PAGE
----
7 Responses

  1. Karmel Allison
    Karmel Allison March 18, 2010 at 2:40 pm | | Reply

    Hi Samantha!

    Thanks for sharing your experience; I just got my Minimed CGM (full story here: ), and I am very interested to hear more about what Minimed is developing in terms of hardware and software improvements for the current system– if you’re willing to answer a few questions, can you email me? karmel –at– asweetlife –dot– org


  2. Todd Shirley
    Todd Shirley March 18, 2010 at 8:52 pm | | Reply

    Hey Samantha

    Will anything ever become of your LifeCase/LifeApp idea? It won because it was something that would truly help people. I totally want/need one! Are you or Erik pursuing the idea at all? Is there any hope we will see something like that in the future?

    The Medtronic Paradigm Reveal looks like a tiny incremental improvement, which is what we have all gotten used to. When will we something revolutionary like the LifeCase to help diabetics? You have to have 2 probes stuck to your body, a meter, a pump AND THEN something else to log data? REALLY? Not everyone wears cargo pants all the time! Where’s the all-in-one?

    Please tell me the LifeCase isn’t dead!

  3. pking
    pking March 19, 2010 at 12:49 am | | Reply

    The lifecase idea had a few clever ideas, especially hiding test strips inside the lancing device, but basically it was heavily reliant upon a very unlikely combination of technology: a blood monitor paired with an iphone/smartphone. A close integration between J&J or Medtronic and Apple is unlikely to make financial sense, and the hardware changes too often for the medical companies to even remotely keep up. The overlap between diabetics and iphone owners is another factor that limits the commercial viability. Sure, you could expand to all smartphones rather than just the iphone, but then the hardware/software coordination issues quickly spiral into the impossible range. Med devices could easily overcome many issues by adopting open data standards and utilizing common technology (like bluetooth), but so far I haven’t seen any move in the direction at all. Possibly because allowing 3rd party developers access to their data removes control over how the data is displayed and interpreted… The FDA certainly can’t allow that for safety reasons. It’s still basically impossible to pull useful data out of even the most advanced blood monitors without using proprietary / closed software, which is just going to keep innovation slow to support safety. People who do design for modern devices don’t have to deal with all of the regulation imposed by the FDA (for good reason), which is why we see so much innovation in smartphone apps and online. Its just not the same ballgame when you’re playing with data that actually matters. Hopefully we’ll at least see steady progress, but its going to be decades rather than years to catch up with where we are now.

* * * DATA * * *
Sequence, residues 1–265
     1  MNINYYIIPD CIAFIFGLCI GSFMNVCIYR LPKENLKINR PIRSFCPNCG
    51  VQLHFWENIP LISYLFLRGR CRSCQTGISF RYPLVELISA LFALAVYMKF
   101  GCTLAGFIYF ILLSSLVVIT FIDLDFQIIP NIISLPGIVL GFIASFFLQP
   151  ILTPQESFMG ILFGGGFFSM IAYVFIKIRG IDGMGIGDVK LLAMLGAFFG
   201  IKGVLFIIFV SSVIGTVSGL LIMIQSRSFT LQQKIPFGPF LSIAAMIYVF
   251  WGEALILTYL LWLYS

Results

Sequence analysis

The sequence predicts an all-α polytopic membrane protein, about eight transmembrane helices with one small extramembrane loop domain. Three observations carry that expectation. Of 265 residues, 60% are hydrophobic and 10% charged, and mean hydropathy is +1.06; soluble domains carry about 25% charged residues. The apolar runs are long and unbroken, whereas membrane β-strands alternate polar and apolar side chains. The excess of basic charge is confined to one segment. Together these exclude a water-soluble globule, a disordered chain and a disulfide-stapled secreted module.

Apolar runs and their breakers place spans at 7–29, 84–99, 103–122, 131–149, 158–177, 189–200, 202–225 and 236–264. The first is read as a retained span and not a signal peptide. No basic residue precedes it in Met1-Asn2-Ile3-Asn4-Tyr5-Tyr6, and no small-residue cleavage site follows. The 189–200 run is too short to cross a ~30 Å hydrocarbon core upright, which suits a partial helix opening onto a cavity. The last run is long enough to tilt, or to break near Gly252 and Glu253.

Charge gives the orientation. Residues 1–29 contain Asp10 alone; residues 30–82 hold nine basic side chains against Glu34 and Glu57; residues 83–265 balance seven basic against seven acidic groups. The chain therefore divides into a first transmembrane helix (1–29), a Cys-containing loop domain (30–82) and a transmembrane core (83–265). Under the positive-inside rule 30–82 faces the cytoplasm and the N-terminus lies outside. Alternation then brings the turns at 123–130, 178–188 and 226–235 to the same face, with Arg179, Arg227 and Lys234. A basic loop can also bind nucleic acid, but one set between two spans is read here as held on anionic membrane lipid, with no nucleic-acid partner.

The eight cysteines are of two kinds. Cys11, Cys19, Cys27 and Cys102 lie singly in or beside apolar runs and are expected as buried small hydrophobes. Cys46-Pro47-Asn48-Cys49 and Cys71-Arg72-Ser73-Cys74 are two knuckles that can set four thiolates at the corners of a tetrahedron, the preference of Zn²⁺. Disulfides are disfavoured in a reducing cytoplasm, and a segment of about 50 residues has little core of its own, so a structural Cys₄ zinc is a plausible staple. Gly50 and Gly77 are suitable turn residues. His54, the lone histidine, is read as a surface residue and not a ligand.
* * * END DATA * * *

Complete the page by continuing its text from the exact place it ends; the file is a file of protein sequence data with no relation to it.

4. Brian Riviere
    Brian Riviere March 19, 2010 at 5:28 am | | Reply


    Hopefully this means that we will have a smart phone / BG tester on the market soon.

    Also are Canadians allowed to take part in this contest?


    Brian Riviere

  5. Diabetes Mine 2010 Design Challenge is Open! « Pharma 2.0

    [...] view their submissions, too.  This is what your market  is looking for.  And take note:  Samantha Katz,  last year’s Grand Prize winner, was actually hired by Medtronic Diabetes to help design [...]

  6. John Atkinson
    John Atkinson October 7, 2012 at 10:35 am | | Reply

    So Samantha, when might we expect to see a Medtronic Insulin pump that can withstand a few minutes the shower? I have had to return 5 pumps in the last three years because the buttons got wet. I have had Walkman music players which lasted much longer.. This is really lame for a $3600 medical device.

Leave a Reply